Maybe, If you accpet it, it can be you that visit this person and that make the interview being shooting by our camera.
“We don’t speak very much about you… How long do you live in the Hamptons Dan? Maybe it’s you the person I search as ‘first inahbitant’! or your family? How long do you work in the newspaper of the Hamptons? I’m sure that you are the person I need for this report… and don’t hesitate to give me your idea about what I absolutly have to shoot (as you can see on the web site of the TV show, this is a report who must make people dreaming… we have to show the best, the most famous…) in the Hamptons.”

I got it. She wanted me to get a descendant of one of the first settlers. I know lots of Bonackers. So I said I’d invite one over and she could come over too. When would she be here? It would be the same dates the German TV people would be here.

Now there was a new e-mail.

“So he is of your friend since a long time, no? You know what, it will be great if you find your article when for instance the first star settle in the Hamptons, or other article that show how this place has changed! It will not take many time, just time to meet, talk a little, make the sequence with a few questions, see the picture and we will not disturb him a lot!”

They were both coming the same weekend, I thought. I’ve got to keep these two outfits apart. I set it up Saturday for Germany and Sunday for France.

I also thought that with each of these crews, I should put them in touch with others who might help them. Who did I know who was French? Pierre! Of Pierre’s Restaurant in Bridgehampton.

“He is handsome, 40s, bubbly and smooth and owns a well-established restaurant and outdoor cafe in Bridgehampton,” I wrote her. “He has a chanteuse singing some nights. Good friend. He parks a 1962 Deux Chevaux out front. Baby Blue. 631-537-5110 pierreweber@msn.com.”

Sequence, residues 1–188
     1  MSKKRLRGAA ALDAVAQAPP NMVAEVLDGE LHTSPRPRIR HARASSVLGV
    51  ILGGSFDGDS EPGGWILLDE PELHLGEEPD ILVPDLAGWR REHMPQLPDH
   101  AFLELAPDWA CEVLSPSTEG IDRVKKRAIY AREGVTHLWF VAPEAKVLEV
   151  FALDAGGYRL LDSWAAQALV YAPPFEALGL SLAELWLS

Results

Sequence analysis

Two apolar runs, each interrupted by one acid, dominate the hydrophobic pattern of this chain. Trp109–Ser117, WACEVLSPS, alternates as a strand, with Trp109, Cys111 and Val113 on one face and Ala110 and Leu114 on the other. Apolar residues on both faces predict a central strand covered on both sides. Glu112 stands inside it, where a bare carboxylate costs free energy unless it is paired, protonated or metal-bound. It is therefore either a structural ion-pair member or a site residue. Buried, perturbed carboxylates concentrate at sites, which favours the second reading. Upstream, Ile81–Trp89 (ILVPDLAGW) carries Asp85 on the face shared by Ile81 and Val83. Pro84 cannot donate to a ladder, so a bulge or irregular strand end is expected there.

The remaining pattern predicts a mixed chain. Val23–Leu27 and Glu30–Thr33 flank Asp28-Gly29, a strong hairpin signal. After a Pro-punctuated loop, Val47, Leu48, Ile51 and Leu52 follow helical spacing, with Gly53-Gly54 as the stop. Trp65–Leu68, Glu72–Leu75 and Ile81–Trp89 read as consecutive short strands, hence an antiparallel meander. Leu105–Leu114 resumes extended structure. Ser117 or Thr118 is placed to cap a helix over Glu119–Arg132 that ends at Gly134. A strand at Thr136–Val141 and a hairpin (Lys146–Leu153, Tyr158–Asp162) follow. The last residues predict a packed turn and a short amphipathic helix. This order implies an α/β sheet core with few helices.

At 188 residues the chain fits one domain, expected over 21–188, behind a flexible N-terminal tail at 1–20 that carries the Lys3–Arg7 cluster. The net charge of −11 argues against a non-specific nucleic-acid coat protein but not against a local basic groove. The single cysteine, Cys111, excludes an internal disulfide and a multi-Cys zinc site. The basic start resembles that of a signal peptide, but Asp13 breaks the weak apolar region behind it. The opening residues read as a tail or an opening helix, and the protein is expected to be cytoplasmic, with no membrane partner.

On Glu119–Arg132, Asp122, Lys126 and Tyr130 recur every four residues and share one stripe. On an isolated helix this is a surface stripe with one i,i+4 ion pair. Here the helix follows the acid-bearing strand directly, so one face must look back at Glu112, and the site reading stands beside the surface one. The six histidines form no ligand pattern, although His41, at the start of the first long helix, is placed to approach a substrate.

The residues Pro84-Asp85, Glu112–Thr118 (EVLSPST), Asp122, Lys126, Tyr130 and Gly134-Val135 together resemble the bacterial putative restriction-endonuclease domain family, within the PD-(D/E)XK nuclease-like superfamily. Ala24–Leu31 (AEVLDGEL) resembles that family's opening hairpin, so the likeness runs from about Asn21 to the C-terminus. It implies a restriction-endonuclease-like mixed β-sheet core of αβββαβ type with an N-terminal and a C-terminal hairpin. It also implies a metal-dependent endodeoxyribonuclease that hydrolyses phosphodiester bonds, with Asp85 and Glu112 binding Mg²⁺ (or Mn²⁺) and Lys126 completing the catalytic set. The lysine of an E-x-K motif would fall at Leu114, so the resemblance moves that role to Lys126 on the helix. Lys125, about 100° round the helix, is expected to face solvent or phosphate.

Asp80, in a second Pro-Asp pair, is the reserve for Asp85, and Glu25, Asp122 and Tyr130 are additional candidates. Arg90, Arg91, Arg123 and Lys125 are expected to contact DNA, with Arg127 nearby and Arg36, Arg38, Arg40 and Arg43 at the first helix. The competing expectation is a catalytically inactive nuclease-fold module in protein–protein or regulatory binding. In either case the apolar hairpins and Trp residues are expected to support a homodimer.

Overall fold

She wrote back.

“Seemms to be very interesting, I contact him by mail! What about the place of the sequence with you and your friend whose family came in 1640?”

Who did I know that was German? Roman Roth, the winemaker at Wolffer Estate Vineyard. I contacted Roman. He was also eager to help. I had put both in touch with the appropriate language group. That was something anyway.

Thus it was that on much of Saturday, August 13, we had Philipp Engel, an earnest, serious-looking 30-something from Germany leading a film crew around our home. They filmed our cat, our 10-pound tortoise out in the yard, copies of Dan’s Papers. They filmed me sitting in a chair, writing on a laptop by the pool. For what they called a B-roll, they had me filmed making cappuccino for two of them, the steamer hissing away while I worked, with me appearing to not notice them there. At one point, the cat leaped up onto the kitchen sink and began licking at the water coming out of the faucet. He’s a very old cat with a thirst problem. They filmed him in complete silence for a long time doing that.